There is a new bespoke maker in town, who is revolutionizing what it means to get ‘bespoke’ or better yet ‘semi-bespoke’ in a day and age where international travel might be difficult if at all permitted.
That maker is Wayman Bespoke and they are coming out of Germany. Like many stories of success, theirs started with a need that was hard to fulfill so they decided to fulfill it. Or should I say, he, Simon Wegmann, the owner. Having quite narrow feet, which is a difficult issue to remedy in terms of well-fitting shoes, Simon found himself forever at a loss with something he felt worked well with his feet. So he decided to do something about it and create a service where all people, from no matter what location of the planet they were in, could easily get well-fitting shoes with a self-service nature and a few clicks on a screen. And so was born his Semi-Bespoke Service.
Not to be confused with traditional bespoke, this semi-bespoke service features a self-measurement system whereby the customer actually takes in-depth measurements of their own feet with the assistance of a professional if need be, all via email and/or whatsapp video etc. Quite clever as it goes. After the measurements are taken and customer confidence is achieved in sizing, you can then easily select your shoes and all of the details added and patiently wait 12 weeks as your shoes and personal last are made.
The shoes are in-tune with this new ‘handmade’ of being hand-clicked, hand-lasted, hand-welted, and machine-stitched sole (180 degrees with waist stitched by hand). And all of that starting at $750 which is an impressive price to say the least. And of course, to get this price the shoes are made in Shanghai and QC’d in Germany, where the company is based.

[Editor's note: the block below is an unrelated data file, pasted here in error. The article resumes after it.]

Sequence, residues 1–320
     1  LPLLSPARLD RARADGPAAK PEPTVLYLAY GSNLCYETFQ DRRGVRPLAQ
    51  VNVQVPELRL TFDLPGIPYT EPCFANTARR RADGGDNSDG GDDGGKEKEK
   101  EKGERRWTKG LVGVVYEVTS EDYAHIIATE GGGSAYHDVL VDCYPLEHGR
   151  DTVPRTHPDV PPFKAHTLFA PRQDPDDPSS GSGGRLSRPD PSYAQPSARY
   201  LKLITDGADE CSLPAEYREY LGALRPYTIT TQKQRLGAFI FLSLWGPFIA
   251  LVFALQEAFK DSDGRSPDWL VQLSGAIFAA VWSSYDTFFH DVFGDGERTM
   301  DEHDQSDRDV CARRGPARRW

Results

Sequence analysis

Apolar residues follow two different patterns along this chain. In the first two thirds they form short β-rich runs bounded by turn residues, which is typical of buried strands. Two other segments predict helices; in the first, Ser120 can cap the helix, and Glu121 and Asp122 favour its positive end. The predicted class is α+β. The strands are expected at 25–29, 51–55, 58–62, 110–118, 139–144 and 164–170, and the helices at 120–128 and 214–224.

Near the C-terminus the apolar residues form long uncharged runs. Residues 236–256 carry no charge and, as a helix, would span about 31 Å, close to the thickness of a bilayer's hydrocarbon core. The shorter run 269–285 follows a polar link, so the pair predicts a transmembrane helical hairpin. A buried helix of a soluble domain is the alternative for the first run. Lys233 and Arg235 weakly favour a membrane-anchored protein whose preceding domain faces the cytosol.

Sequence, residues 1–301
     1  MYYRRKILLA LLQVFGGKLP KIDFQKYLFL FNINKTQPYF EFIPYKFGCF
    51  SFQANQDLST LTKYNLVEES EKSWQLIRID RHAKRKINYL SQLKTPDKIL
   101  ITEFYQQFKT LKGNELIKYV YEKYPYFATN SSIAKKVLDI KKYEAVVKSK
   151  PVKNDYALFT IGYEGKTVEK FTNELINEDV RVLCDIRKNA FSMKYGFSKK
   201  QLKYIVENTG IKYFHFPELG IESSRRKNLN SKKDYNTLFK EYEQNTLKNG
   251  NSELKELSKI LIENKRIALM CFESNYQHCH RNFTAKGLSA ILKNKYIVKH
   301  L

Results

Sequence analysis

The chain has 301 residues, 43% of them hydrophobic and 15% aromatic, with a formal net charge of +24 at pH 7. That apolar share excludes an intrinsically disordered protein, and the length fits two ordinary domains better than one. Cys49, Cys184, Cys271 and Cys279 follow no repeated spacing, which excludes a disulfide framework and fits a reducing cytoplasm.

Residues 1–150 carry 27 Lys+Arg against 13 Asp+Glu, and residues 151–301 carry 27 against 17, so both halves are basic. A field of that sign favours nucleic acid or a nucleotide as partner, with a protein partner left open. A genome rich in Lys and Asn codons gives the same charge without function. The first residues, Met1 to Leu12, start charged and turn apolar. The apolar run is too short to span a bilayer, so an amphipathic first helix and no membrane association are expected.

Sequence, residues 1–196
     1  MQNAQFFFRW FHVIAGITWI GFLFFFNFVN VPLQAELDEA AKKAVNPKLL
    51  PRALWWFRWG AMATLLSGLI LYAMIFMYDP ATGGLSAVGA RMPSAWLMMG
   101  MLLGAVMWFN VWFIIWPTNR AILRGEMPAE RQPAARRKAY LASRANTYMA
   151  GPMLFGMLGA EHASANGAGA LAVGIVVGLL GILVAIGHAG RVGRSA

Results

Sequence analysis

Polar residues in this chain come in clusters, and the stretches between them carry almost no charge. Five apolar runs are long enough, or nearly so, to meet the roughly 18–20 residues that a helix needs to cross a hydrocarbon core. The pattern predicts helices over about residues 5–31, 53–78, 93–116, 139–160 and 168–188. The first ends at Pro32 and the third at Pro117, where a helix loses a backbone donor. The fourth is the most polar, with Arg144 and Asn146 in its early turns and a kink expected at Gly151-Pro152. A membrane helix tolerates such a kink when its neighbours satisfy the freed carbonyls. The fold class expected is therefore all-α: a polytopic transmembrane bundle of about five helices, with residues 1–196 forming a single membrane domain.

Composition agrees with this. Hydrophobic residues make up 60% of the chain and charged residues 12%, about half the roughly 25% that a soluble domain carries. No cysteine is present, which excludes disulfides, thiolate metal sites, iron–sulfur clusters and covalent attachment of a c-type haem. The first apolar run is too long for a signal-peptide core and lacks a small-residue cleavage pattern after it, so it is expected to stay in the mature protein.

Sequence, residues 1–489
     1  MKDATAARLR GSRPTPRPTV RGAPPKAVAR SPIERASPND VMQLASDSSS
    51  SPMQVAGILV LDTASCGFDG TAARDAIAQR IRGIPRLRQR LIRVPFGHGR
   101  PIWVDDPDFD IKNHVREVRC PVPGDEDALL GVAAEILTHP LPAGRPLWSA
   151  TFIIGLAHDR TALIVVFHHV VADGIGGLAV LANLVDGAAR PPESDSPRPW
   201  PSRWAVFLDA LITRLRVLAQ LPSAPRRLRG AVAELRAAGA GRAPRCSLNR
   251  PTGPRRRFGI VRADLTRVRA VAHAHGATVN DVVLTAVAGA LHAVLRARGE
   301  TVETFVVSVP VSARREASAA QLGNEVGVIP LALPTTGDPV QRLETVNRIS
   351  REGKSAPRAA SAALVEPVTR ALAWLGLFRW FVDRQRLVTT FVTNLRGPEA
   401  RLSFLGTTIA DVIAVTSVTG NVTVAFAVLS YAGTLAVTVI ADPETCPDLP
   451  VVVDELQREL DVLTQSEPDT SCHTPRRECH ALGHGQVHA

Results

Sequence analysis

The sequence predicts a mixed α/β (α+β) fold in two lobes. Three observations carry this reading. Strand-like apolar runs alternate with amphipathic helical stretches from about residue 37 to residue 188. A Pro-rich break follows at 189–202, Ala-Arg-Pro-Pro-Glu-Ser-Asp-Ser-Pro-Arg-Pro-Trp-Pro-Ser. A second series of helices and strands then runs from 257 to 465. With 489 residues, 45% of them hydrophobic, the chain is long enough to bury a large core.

It feels as if this is the new future of bespoke, as sad as that sounds for traditional makers. As we become forevermore automated, streamlined, and lose touch with that personal connection, Wayman Bespoke, is paving the way for the ‘new normal’ of shoemaking, or so it seems. Time shall tell. I will always be in favor of traditional bespoke as art that we should never lose, but can also appreciate the progress of industry to keep up with the times and culture of the world.
Nonetheless, my hat is tipped to the owner Simon. He had a problem, found a solution and taught himself shoe designing. Reminds me of someone I know 🙂 And his shoe design is quite cool, to say the least. The blue austerity brogue wingtips with grey suede details are sublime!
I don’t see this sort of service eliminating traditional bespoke… That’s as much about the “intangibles” – the service, prestige, etc – as it is about the product. Rather, I see this opening up a near-bespoke service to a lot of people who couldn’t afford it otherwise, which can only be a good thing. Unless you’re a traditional brand selling at that price point… Crockett & Jones should be more worried than John Lobb.
Fair enough, time will tell. Of course there will always be the customer who can afford bespoke without blinking and will do so but also the customer that might aspire to go full bespoke might stop at this and never actually get to the full bespoke…so it really depends to be honest, as well as where our world leads us
Quite interested in this is services. I’m in Australia where is hard to access many of the shoemakers standard offerings let alone bespoke. Only not sure about the quality of the leather and workmanship.
One can only know by ordering or other peer reviews